It is well known that Descartes' attempt to move outward depends on the doctrine of clear and distinct ideas, whose veracity is guaranteed by proof of God's existence. This proof notoriously depends on the claim that the idea of God is one that, uniquely, could not be present in the mind if there were no being without to correspond to it. The so-called Cartesian circle is commonly thought to result from the fact that the demonstration of God's reality relies on the very rational processes God's perfection guarantees. Whether or not Descartes is guilty of this circularity is not our present concern (for discussion, see Hookway 1990: chs 3 and 4). What is of concern is that the 'foundationalism' of modern epistemology derives from the manner in which Descartes seeks to refute scepticism, and has two key components: first, the belief that the certainty of all real knowledge depends on the derivation of the propositions we claim to know from propositions of a privileged class that are beyond doubt; second, the belief that the propositions in this class are propositions that are uniquely accessible to, because they are in some sense within, the subject's consciousness—such as self-evident truths (for Descartes himself and his rationalist successors) or sensory experiences (for Locke and his empiricist followers).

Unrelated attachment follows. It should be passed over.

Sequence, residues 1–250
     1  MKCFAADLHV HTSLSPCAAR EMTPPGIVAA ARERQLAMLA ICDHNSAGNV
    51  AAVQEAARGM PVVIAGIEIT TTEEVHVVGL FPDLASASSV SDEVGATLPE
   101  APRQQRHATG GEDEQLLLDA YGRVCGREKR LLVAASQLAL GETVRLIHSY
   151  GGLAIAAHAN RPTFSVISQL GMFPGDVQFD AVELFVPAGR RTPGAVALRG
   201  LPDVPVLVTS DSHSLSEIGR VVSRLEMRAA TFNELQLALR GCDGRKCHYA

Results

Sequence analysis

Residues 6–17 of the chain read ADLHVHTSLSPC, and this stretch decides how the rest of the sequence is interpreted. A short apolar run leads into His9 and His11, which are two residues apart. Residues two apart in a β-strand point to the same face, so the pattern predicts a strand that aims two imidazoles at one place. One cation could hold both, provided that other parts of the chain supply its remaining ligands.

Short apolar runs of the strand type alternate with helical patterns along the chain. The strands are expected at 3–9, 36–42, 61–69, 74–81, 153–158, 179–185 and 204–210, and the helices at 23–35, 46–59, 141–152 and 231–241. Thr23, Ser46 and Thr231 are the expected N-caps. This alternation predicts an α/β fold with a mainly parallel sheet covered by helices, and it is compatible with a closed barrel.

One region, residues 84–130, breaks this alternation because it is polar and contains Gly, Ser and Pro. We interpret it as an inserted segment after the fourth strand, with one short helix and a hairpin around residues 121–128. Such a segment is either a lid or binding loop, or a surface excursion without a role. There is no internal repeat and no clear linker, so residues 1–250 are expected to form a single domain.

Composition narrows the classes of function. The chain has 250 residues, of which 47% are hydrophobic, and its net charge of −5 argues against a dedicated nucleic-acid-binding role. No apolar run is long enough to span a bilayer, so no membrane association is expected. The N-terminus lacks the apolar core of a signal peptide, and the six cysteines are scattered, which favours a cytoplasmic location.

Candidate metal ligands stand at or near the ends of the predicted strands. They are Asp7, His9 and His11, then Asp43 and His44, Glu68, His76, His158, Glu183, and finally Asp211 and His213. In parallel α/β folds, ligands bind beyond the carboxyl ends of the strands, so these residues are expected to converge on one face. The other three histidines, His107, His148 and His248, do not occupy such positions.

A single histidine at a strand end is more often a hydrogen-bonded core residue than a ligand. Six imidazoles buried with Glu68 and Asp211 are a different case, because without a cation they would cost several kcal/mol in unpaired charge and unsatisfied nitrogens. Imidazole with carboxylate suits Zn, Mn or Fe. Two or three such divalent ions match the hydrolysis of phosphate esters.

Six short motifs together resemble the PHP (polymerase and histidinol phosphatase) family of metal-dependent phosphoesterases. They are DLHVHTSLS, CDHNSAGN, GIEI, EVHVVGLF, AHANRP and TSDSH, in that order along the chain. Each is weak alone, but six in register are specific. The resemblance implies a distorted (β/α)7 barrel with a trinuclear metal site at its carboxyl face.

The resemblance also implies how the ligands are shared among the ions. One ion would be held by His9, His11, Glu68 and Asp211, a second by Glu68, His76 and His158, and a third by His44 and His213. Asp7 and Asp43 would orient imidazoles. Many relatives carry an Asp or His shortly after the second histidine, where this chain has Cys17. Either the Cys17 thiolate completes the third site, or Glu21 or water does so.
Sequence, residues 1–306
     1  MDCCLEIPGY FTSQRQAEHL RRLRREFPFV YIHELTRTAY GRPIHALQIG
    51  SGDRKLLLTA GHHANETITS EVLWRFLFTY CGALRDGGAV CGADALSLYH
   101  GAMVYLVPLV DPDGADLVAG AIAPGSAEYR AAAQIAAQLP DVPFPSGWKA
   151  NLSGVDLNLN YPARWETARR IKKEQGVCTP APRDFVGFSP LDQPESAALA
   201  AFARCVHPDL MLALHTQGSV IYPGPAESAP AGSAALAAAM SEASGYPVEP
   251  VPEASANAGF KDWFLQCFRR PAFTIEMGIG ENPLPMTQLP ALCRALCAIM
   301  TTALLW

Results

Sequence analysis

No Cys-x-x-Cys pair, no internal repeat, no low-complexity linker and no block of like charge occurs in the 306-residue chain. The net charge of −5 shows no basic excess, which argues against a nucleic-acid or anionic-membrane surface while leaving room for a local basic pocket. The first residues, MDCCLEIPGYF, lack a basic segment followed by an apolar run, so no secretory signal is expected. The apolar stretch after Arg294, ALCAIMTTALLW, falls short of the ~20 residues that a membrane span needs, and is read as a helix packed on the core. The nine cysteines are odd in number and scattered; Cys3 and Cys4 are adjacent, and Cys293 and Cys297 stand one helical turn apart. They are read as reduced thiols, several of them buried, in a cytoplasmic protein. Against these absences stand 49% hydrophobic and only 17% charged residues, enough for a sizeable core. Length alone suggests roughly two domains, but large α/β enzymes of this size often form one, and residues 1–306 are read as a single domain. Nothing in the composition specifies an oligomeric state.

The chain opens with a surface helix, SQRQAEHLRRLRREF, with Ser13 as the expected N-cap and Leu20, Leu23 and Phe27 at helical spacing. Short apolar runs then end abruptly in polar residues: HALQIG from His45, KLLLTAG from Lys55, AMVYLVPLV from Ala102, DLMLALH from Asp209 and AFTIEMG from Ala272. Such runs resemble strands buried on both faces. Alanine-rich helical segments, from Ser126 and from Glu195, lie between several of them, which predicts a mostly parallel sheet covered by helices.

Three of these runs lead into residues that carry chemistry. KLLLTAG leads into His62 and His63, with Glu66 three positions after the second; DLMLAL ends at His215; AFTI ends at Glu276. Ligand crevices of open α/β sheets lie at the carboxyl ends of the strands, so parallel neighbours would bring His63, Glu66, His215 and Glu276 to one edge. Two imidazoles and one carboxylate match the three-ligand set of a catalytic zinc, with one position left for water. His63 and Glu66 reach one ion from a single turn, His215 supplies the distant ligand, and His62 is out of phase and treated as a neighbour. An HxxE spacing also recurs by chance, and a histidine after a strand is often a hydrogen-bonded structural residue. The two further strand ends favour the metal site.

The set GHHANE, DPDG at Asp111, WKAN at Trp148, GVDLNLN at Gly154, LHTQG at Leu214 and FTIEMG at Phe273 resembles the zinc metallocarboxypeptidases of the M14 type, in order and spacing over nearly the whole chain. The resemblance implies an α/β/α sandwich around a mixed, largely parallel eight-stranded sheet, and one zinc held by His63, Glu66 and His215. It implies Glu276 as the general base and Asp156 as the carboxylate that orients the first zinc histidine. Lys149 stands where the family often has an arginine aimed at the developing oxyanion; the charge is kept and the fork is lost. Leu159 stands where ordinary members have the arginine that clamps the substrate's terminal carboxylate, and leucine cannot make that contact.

But in seeking to establish the foundations of the sciences, Descartes was not only attempting to meet the challenge of scepticism. He was also seeking to create an accommodation between the scientist and Church authorities that would fend off the sort of interference that had humiliated Galileo. This required a sound base in theory for non-interference. Galileo's condemnation had arisen because he was unwilling to accept the supposedly conciliatory suggestion that his astronomical claims were mere convenient devices for predicting celestial phenomena (de Santillana 1955). Descartes wanted science to have the unquestionable underpinning that shows it tells us how the material reality of the outer world is. The foundations on which science is based show it to be the source of truth. But the truth science yields is truth about the material world: the Cartesian separation of the mental and the physical provides for the separation of the spheres of science and theology. In spite of the intractable difficulties of Cartesian dualism, which became obvious at once, it was a major cause of the nearly universal cultural assumption of our age that science and theology can have nothing to say to one another. Instead of Aquinas' view of human knowledge, in which secular learning and theological truth are continuous, we have a metaphysic designed to ensure their separation. The provision of a metaphysical and epistemological guarantee of the autonomy of science was an assumed objective of all the major systems of thought that succeeded that of Descartes, with the possible exception of Berkeley's (Warnock 1953; Bracken 1974).